And just like that, it’s Christmas time. To help you out with your shopping, I have some suggestions of gardening books that might be just what you or the gardener in your life need. These are some of my favorites; there are many great books out there.
One of my go-to books for landscape plants in our area is Easy Gardens for North Central Texas by Steve Huddleston and Pamela Crawford. This book has lovely photographs and suggested combinations of plants. It rates plants as blue ribbon performers and also lets you know the blooming period for plants, shrubs and trees.
For identifying plants in pastures and rangelands, Range Plants of North Central Texas by Ricky Linex is excellent. Color photographs show different stages of the life cycle of the plant. Additionally, it has information on the value or management of each plant.
If you are looking for a calendar-based garden book, one that tells you what task to do when, I have a couple of suggestions for you. Doug Welsh’s Texas Garden Almanac by Douglas F. Welsh and Neil Sperry’s Lone Star Gardening by Neil Sperry are both worth checking out.
I wouldn’t be a good Aggie if I didn’t mention some of the books written by Texas A&M AgriLife Extension personnel. The Texas Peach Handbook by Jim Kamas and Larry Stein is a newly revised guide for both commercial and residential peach growers. From my experience, most people get into gardening to grow the perfect tomato. Therefore, The Texas Tomato Lover’s Handbook by William D. Adams is a must for anyone into vegetable gardening!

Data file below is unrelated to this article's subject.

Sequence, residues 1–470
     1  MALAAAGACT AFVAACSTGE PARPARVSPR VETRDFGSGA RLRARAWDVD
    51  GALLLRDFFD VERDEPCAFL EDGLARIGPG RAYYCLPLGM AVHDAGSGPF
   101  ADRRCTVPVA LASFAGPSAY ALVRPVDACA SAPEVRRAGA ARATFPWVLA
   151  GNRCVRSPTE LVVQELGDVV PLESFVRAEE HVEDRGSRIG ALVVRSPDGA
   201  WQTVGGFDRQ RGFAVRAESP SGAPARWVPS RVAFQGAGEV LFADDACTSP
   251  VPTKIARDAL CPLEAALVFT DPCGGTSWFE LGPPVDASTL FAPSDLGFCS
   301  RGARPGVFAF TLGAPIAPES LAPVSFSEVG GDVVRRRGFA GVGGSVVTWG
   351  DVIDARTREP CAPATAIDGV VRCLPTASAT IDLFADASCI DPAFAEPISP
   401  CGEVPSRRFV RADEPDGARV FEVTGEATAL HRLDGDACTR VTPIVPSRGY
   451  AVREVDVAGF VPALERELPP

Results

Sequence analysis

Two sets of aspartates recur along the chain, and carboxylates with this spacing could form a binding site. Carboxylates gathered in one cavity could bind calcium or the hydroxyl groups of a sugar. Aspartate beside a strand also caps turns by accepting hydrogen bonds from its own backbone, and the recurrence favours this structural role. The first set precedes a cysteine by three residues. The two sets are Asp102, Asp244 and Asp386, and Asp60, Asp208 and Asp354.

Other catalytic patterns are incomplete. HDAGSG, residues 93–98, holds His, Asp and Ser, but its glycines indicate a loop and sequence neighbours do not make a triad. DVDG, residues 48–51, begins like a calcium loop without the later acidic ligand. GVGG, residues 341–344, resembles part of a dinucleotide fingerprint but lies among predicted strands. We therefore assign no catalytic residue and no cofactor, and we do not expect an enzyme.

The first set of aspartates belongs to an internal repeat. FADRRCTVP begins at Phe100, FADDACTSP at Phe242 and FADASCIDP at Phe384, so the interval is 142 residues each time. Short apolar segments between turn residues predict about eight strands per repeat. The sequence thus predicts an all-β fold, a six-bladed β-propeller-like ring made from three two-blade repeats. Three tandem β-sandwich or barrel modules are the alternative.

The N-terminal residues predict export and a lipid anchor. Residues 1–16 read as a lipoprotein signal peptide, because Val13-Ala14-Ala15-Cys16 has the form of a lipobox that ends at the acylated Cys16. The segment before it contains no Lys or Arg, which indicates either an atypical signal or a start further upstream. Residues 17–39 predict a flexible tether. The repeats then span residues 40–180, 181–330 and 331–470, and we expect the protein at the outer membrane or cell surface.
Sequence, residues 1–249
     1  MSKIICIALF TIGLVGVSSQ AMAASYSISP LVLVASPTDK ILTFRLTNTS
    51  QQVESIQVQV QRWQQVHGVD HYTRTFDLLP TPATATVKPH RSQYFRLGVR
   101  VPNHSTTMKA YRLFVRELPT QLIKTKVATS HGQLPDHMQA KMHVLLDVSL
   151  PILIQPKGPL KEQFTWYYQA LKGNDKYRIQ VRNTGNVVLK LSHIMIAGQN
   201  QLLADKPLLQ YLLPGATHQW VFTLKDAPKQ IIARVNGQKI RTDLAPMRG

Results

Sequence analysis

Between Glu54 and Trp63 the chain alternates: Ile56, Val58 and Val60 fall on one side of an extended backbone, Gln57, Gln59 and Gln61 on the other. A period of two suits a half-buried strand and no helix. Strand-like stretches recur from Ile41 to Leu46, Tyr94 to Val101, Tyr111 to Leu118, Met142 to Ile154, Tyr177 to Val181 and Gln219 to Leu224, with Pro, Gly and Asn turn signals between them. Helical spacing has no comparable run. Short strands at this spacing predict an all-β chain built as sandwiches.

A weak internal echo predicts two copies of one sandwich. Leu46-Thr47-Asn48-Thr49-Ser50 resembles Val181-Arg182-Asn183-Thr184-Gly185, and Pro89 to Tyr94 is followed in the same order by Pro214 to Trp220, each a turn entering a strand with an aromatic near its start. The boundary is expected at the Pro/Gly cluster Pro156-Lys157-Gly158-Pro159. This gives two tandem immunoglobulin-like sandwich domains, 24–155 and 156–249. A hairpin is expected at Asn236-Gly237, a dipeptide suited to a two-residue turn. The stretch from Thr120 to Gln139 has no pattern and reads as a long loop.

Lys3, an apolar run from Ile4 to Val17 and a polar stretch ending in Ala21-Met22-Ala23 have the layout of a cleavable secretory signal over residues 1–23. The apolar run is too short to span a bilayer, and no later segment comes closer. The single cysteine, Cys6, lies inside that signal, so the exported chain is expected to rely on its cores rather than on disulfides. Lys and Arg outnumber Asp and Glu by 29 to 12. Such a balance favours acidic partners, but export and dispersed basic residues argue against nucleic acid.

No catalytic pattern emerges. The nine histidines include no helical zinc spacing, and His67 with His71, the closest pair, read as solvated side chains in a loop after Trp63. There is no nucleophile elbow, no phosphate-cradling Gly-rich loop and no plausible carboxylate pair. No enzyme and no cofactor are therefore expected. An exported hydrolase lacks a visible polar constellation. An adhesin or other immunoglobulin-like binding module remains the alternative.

If you are growing vegetables, there always comes a time when you have too many of something (read: zucchini) and no more ideas on what to do with it. Serving Up the Harvest: Celebrating the Goodness of Fresh Vegetables by Andrea Chesman was given to me a few years ago and I love it. This cookbook is organized by seasons and divided into recipes by vegetable. For advanced cooks, this might not be that helpful, but it opened my eyes to some new ways to use some of the garden’s bounty.
For youth educators, the Junior Master Gardener curriculum encourages a love of gardening and an appreciation of the environment through hands-on group or individual learning experiences. There are several options available depending on the theme or age group you are working with, such as Literature in the Garden or Wildlife Gardener.
If you are looking for children’s literature to spark the imagination of budding horticulturists, the Junior Master Gardener Program and the American Horticultural Society select “Growing Good Kids — Excellence in Children’s Literature” titles every year. Past winner I Will Never, Not Ever Eat a Tomato by Lauren Child is about a picky eater who gets tricked into eating vegetables by her creative brother. The Ugly Vegetables by Grace Lin is about a girl who thinks her mother’s garden is the worst in the neighborhood, until she realizes it produces food that everyone appreciates. Tops and Bottoms by Janet Stevens gets kids thinking about vegetables that grow above ground or below ground using the classic ruse of a clever rabbit tricking a lazy bear. And The Gardener by Sarah Stewart is geared for children ages 9-12 and is a series of letters written by a young girl gardening on a city rooftop.
This is just a small sampling of the plethora of reading material available for gardening enthusiasts, whether they are just starting out or have been gardening for years. If you have questions about your own garden or landscape, please visit us at www.dcmga.com. Or reach us at 940-349-2892 or firstname.lastname@example.org.
JANET LAMINACK is the horticulture county extension agent with Texas AgriLife Extension. She can be reached at 940-349-2883 or email@example.com.